iPad a pod too far for some

Delirious iFans are all over cyberspace these days with effusive praise for their new toy –

… an alternate computing reality in which the balance between content creation and consumption has shifted.

…a new computer that really plays to this new reality … shifts the priorities, … gets us more intimate with our media than we have ever been before…

…the iPad (has) finally given us a reason to think beyond our current relationship with computers.

Light and slim and sexy, the iPad is not a machine, its analysts would have us understand, as much as “an experience.” Boasting a volume rocker and a sleep/power button and a switch that locks into either horizontal or portrait view.

The talk is all about the “responsive screen that lets us interact with the things we care about. (It) quickly becomes the way you want to consume the Internet.”

This writer hereby admits to a relationship with a ThinkPad X61 that is, at times, excessive and does occasionally drive the husband to the brink of tossing it out the window. But interaction with the things I care about tends to happen when I shut the machine off. Which leads me to believe I’ll remain PC Luddite and iPad resistant.

IPad’s interactivity raises computing bar.

The Year of the Tiger Roars in

Quick! Sweep the floors and clear the bad spirits away. Once the Lunar New Year arrives you’ll want to put off housekeeping so as not to sweep the good spirits out. February 14 marks the coming of the Year of the Tiger.

The Year of the Tiger, sandwiched in between the Year of the Cow (2009) and the Year of the Rabbit (2011) is the third sign in the Chinese Zodiac cycle. Its New Year’s Day brings with it — as all new year’s potentially do — hope and truth, good fortune and peace. Not bad for a day that this year falls on Valentine’s Day, a celebration of love and affection.

If you’re a Tiger (skip the puns, this is a serious report) you are strong and lucky but prone to trouble. Brave and courageous, caring and thoughtful but a little rebellious at times. You are in the company of tigers Jon Stewart (1962), Jay Leno and Gary Larson (1950), Judy Blume and Kofi Anan (1938), Alan Greenspan (1926), Joe DiMaggio (1914), Agatha Christie (1890) and who knows how many other brave and courageous, occasionally prone to trouble good folks.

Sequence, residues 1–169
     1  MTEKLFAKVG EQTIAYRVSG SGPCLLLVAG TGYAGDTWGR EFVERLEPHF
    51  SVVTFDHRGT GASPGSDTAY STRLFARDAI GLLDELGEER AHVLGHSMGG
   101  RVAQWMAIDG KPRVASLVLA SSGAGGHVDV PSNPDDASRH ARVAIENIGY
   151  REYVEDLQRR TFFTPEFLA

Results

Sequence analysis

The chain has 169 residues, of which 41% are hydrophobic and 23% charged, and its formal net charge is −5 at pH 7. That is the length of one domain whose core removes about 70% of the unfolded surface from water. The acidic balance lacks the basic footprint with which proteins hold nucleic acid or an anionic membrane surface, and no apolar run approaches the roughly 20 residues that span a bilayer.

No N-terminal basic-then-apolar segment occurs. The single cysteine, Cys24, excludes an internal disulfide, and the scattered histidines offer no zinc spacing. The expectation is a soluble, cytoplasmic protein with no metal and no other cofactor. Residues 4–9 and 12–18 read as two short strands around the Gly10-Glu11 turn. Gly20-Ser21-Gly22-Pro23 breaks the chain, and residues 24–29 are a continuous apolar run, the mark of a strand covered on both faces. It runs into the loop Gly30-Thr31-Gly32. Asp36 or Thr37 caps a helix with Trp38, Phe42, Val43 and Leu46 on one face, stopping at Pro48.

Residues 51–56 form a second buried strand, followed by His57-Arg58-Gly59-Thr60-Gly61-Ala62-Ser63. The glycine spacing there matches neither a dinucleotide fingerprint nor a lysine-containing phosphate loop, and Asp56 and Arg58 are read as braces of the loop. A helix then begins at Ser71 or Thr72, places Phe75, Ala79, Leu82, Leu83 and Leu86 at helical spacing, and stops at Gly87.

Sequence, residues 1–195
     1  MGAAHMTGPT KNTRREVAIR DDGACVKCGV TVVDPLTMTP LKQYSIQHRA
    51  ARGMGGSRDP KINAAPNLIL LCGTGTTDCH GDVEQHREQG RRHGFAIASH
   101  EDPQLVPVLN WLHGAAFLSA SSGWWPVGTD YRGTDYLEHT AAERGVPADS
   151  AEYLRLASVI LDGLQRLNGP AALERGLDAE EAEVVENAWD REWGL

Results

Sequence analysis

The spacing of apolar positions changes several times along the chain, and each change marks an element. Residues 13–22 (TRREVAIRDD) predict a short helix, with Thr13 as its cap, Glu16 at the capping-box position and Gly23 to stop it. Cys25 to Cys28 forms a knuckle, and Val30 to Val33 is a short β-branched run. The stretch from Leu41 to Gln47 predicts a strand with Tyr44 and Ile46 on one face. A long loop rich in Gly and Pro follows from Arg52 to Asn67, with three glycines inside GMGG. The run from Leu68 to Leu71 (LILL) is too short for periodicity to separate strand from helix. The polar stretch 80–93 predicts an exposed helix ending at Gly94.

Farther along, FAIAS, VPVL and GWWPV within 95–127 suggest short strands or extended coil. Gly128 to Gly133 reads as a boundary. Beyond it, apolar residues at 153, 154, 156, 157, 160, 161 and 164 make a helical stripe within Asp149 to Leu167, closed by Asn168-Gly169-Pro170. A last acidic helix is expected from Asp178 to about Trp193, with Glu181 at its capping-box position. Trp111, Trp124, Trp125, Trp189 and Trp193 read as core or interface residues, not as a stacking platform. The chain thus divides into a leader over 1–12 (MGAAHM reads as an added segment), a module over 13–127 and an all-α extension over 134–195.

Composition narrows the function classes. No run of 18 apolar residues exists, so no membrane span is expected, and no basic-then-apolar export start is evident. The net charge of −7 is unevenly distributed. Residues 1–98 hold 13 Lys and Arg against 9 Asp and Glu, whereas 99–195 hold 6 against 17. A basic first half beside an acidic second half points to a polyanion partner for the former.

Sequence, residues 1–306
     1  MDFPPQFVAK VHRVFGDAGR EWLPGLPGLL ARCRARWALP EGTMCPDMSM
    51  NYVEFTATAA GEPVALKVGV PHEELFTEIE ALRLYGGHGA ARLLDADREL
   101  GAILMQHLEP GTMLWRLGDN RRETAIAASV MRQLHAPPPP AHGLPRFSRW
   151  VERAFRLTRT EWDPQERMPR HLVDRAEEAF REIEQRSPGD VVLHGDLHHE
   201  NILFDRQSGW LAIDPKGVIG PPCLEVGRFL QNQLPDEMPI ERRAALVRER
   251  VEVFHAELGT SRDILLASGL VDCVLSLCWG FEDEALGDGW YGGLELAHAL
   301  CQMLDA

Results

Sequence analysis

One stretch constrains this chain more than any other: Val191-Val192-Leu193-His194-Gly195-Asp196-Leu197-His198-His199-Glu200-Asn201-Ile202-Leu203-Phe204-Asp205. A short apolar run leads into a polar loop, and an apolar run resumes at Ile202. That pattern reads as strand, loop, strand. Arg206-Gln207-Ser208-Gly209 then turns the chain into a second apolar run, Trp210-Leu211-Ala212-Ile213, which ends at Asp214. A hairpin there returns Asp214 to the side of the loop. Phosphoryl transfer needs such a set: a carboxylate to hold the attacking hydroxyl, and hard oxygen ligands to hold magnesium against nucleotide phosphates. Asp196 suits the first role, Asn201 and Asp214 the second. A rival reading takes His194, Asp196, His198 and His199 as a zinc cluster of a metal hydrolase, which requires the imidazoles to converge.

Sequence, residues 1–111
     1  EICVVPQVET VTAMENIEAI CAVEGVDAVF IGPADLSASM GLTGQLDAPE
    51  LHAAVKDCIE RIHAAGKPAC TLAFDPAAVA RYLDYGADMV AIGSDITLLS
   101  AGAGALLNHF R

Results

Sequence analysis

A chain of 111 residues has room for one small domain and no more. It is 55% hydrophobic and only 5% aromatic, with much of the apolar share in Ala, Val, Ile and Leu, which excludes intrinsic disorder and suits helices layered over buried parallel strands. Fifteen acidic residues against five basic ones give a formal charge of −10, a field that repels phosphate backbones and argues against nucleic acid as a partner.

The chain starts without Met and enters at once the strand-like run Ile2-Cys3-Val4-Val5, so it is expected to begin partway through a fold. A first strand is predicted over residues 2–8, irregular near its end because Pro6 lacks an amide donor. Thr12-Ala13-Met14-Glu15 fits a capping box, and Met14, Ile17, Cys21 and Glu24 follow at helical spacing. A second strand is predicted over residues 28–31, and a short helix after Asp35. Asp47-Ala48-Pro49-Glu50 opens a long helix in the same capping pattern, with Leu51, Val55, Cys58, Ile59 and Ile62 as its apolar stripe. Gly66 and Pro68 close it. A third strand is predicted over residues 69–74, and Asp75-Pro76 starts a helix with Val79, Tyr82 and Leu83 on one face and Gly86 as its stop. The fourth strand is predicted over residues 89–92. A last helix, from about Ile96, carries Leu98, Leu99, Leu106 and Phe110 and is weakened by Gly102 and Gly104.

In New York and San Francisco, Los Angeles and Atlanta there are celebrations of the New Year with parades and festivities, dumplings cooked and feasts shared, red lanterns lit and red paper envelopes of money distributed. Around the world — one nice thing about this holiday being the fact that we share it with China, Indonesia, Hong Kong and other festive sites — there will be marching music, tiger hats and lion dancers. On my block there are always fire crackers, thanks to the grandchildren of our Chinese neighbors George and Annette, popping in the street to ward off the evil spirits. Which is clearly why you will find no evil spirits around our neighborhood.

So bring in the oranges and tangerines (symbols of good luck and great wealth) and hang the red paper hearts. Kick back, nibble sweets and enjoy a good excuse to put off housecleaning.  Who knows whether it will roar or rebel, we might as well welcome the Year of the Tiger with joy… and hope.

Super Bowl Ads: Anti-abortion, yes — gay romance, well, maybe

Super Bowl watchers at this house tend to be interested in the ball game. But elsewhere, apparently, the star attractions are the commercials. If you get bored in between the ads, you can even keep your laptop handy and bring up winners — winner commercials, that is — from past decades.

Being only mildly interested in this year’s game and not the least bit interested in whatever is on sale for a gazillion dollars a minute, I had been blissfully unaware of the hype and hysteria surrounding the event — until an e-mail earlier today asking if I knew anything about the anti-choice ad scheduled and simultaneous rejection of an ad that could be termed pro-gay. I did not, but as it turns out, NPR does:

This year, CBS is airing an anti-abortion commercial featuring college football star Tim Tebow, with his mother. The ad is sponsored by the conservative group Focus on the Family. Within a few weeks of that ad’s approval, CBS turned down a commercial for the Super Bowl produced by a new gay dating site called ManCrunch.com.

The Tebow and ManCrunch ads raise questions about not just what networks want in Super Bowl advertisements, but also what potential advertisers really want from the Super Bowl.

The 30-second ManCrunch ad shows two guys on a couch watching a football game. They’re rooting for their respective teams. Then, they both reach for potato chips at the same time. Their hands touch. The music builds. Then they kiss — rather comically.